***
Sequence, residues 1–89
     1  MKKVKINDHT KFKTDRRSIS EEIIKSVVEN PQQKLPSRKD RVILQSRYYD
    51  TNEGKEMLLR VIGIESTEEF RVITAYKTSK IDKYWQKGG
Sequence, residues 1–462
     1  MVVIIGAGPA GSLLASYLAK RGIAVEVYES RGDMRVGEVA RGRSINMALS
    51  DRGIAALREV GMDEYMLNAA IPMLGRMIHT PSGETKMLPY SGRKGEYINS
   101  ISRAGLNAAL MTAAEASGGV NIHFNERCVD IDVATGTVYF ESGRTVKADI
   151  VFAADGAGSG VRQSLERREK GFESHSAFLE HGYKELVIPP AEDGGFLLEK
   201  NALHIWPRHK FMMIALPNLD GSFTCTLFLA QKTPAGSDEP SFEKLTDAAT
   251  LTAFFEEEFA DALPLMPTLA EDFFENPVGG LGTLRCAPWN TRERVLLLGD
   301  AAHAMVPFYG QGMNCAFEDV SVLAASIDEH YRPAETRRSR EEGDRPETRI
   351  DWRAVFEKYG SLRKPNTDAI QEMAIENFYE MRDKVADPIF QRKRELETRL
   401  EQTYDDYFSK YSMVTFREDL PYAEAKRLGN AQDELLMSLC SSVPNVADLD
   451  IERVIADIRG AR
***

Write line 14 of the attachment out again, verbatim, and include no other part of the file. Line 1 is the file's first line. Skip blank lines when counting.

   451  IERVIADIRG AR